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She joins us now to talk more about this. Thank you for joining us, Secretary. Are you able to hear me?
KATHLEEN SEBELIUS, SECRETARY OF HEALTH AND HUMAN SERVICES: I just lost volume.
LEMON: I think we have an issue. Can you hear me, Secretary?
SEBELIUS: I can now, yes.
LEMON: Thank you so much for joining us today. We appreciate this. Listen, the right has been calling this -- and many people who are -- who are religious here calling it a war on religion. Now after weeks of pressure from the president's rivals, you're changing your minds. Everyone sees this as a politically motivated decision. So why didn't you make this change two weeks ago when you first released this policy?
SEBELIUS: Well, actually, we did announce this opportunity to give religious leaders who currently don't offer contraception coverage an additional year, with the full intention of working with stakeholders, looking at what's happening on the ground with the various catholic institutions in the 28 states who currently offer contraception coverage, and figure out some arrangements that both fulfilled religious liberty and made sure that women had access to this very important preventive services.
We know that 99 percent of women across this country use contraception at some point in their lives. And if it's not as part of their insurance plan, they often are paying hundreds of dollars trying to get this very important health service.
So we announced, from the beginning, that we were going to work with stakeholders. The president, as he said today, given the furor and concern that has developed, just asked us to speed up the process. So we did. And we're pleased to announce that the final rule, which will be published later this afternoon, will include this important balance.
Women will have access, for the first time ever, regardless of where they work, to a critical preventive health benefit identified by the Institute of Medicine, used by 99 percent of the women, and we're respecting the religious freedom of employers who felt that they offering this service directly was in violation of their conscience. We think this is a very good solution moving forward.
LEMON: Secretary, here's a question, because, you know, many are seeing this as, OK, two weeks later the president, having to come back, clarify, walk back, revise, however you want to put it. And there was some concern, we are told, when all of the negotiations were going on and you were talking about it.
There were people who were saying, listen, for swing voters, for religious people, this may cost you some votes. It's going to be controversial. Was there anyone -- was there anyone who, during this time, threw their hands up and said, hey, listen, don't do this, this isn't going to work, we're going to get flak for this?
SEBELIUS: You know, certainly as this whole discussion unfolded, there were lots of viewpoints, lots of stakeholder input. Two hundred thousand comments that we received at our department. Lots of different views.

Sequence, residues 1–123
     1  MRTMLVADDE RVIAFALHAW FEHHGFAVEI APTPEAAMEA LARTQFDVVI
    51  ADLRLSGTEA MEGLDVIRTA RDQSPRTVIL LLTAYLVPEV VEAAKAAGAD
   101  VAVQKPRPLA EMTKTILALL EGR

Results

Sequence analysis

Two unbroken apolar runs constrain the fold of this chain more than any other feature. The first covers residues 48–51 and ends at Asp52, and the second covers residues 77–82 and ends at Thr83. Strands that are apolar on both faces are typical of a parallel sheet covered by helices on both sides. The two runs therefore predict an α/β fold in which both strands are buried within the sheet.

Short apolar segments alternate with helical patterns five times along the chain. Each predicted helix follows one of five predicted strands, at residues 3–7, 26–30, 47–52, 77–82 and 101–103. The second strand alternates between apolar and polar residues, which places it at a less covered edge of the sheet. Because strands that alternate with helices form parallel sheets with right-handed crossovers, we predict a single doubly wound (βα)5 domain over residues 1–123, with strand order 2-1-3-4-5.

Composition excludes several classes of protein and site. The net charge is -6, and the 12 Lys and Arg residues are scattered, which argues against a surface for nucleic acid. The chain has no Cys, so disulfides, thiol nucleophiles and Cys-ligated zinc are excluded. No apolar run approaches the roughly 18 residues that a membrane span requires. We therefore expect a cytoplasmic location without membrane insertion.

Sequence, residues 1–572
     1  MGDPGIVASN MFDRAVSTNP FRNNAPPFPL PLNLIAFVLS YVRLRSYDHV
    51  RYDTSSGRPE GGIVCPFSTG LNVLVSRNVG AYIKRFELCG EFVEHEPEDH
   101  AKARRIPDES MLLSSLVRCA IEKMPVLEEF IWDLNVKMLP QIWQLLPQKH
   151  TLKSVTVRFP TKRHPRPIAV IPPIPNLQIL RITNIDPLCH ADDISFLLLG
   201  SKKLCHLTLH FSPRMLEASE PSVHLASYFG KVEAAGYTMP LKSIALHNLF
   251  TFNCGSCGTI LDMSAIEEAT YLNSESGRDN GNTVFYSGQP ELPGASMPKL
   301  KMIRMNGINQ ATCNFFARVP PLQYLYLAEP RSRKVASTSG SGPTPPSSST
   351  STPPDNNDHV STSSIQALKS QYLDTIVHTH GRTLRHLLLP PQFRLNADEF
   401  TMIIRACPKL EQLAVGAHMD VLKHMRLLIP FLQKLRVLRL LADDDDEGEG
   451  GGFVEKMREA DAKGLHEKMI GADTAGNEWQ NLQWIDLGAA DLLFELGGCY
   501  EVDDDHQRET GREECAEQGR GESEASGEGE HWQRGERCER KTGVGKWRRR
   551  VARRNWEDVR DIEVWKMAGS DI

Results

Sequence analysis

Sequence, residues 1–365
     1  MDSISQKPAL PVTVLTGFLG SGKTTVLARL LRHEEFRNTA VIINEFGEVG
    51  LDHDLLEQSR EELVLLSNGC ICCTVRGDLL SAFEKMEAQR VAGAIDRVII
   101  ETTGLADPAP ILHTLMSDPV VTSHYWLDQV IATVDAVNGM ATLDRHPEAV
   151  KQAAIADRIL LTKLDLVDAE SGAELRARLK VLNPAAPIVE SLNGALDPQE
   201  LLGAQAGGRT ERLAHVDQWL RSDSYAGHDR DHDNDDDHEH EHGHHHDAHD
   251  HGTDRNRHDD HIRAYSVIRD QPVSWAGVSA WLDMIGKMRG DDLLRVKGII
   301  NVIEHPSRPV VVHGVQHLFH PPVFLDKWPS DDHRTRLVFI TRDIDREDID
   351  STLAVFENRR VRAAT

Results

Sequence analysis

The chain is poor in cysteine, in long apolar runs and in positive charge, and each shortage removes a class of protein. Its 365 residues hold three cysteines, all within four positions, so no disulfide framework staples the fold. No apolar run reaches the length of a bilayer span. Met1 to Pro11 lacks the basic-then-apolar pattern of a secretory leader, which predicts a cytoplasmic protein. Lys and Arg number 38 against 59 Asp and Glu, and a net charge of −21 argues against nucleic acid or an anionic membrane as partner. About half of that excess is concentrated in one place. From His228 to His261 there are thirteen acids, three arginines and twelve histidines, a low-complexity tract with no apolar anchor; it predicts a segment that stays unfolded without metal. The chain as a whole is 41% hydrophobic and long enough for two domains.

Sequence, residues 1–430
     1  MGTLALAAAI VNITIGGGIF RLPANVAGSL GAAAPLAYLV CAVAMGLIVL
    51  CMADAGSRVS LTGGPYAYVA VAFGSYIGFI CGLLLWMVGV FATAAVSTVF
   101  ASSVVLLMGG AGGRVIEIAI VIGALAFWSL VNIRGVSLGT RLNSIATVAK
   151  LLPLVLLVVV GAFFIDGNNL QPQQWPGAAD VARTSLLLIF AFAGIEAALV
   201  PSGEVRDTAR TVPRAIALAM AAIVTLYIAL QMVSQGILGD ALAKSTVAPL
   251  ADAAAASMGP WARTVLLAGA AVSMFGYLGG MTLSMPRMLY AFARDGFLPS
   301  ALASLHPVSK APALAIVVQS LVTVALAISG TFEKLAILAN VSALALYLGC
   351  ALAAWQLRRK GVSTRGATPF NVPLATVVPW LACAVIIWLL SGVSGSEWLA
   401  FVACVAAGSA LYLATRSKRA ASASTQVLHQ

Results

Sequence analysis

But at the end of the day, I think the president, and I felt very strongly, that two important principles had to be paramount. One, health benefits to women should not be determined by where she worked or what position she had or how much money she has. That goes on every day in America and that should not be what we're looking forward to in the future.
But, secondly, respecting religious liberty. That's why we said there would be an additional year. That's why we exempted from the outset churches and church-based organizations from this rule altogether. And I think, again, this is a solution that both meets the health mandates for women, the 99 percent of American women who use and access this benefit, and the religious principles of their employers. It's a solution that will make sure that women's preventive health benefits aren't determined by where she works in America any longer.
LEMON: Yes. So, listen, this is a very important issue and I could talk to you about it all day long here. We have a short amount of time here. And so I want to get this next question in, and answer.
A lot of catholic women take birth control, as the president mentioned. In fact, according to the study voted in the "Washington Post," and again, as the president said, about 95 percent of American Catholics say they have used contraceptives. Do you get the sense that the outrage over the original plan was manufactured to hurt the president politically with catholic voters?
SEBELIUS: Oh, I don't think that outside of some of the more cynical political folks who may be either on the campaign trail or inside the beltway, I think the -- a lot of the public outcry was urging us to find an appropriate balance.
Again, when we announced that we were going to finalize this rule, and that's really what we did. Two weeks ago we made a statement that the exemption would stay the same and that we would reach out to stakeholders over the course of a year and find a balance between religious objection and this very important health mandate.
The president said, you've got to speed up that process. And that's just what we're doing.
So, as of the end of today, the rule will be finalized. And, again, we look forward to a day where women can make their own decisions about their own health needs and those for their families and religious employers will be able to not violate what they see as religious objections to this particular service.
LEMON: Secretary Sebelius, thank you so much.
SEBELIUS: Sure. Great to be with you.
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